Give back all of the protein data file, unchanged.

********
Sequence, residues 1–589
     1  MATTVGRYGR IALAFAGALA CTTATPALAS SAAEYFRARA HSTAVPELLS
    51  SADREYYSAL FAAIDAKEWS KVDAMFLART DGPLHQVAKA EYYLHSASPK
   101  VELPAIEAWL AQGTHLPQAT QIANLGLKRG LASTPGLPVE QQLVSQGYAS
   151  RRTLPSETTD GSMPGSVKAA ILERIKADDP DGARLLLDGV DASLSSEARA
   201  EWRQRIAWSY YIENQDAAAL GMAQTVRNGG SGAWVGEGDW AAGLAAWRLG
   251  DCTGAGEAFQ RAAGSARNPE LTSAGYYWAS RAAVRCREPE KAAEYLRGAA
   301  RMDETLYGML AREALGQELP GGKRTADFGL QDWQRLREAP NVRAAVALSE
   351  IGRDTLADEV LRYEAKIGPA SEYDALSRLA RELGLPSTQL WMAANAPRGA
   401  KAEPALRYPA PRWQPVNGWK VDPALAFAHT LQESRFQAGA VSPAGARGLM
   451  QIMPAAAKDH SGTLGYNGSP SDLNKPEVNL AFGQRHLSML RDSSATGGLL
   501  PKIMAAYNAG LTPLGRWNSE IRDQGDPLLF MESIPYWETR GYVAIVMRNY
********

Sequence, residues 1–589
     1  MATTVGRYGR IALAFAGALA CTTATPALAS SAAEYFRARA HSTAVPELLS
    51  SADREYYSAL FAAIDAKEWS KVDAMFLART DGPLHQVAKA EYYLHSASPK
   101  VELPAIEAWL AQGTHLPQAT QIANLGLKRG LASTPGLPVE QQLVSQGYAS
   151  RRTLPSETTD GSMPGSVKAA ILERIKADDP DGARLLLDGV DASLSSEARA
   201  EWRQRIAWSY YIENQDAAAL GMAQTVRNGG SGAWVGEGDW AAGLAAWRLG
   251  DCTGAGEAFQ RAAGSARNPE LTSAGYYWAS RAAVRCREPE KAAEYLRGAA
   301  RMDETLYGML AREALGQELP GGKRTADFGL QDWQRLREAP NVRAAVALSE
   351  IGRDTLADEV LRYEAKIGPA SEYDALSRLA RELGLPSTQL WMAANAPRGA
   401  KAEPALRYPA PRWQPVNGWK VDPALAFAHT LQESRFQAGA VSPAGARGLM
   451  QIMPAAAKDH SGTLGYNGSP SDLNKPEVNL AFGQRHLSML RDSSATGGLL
   501  PKIMAAYNAG LTPLGRWNSE IRDQGDPLLF MESIPYWETR GYVAIVMRNY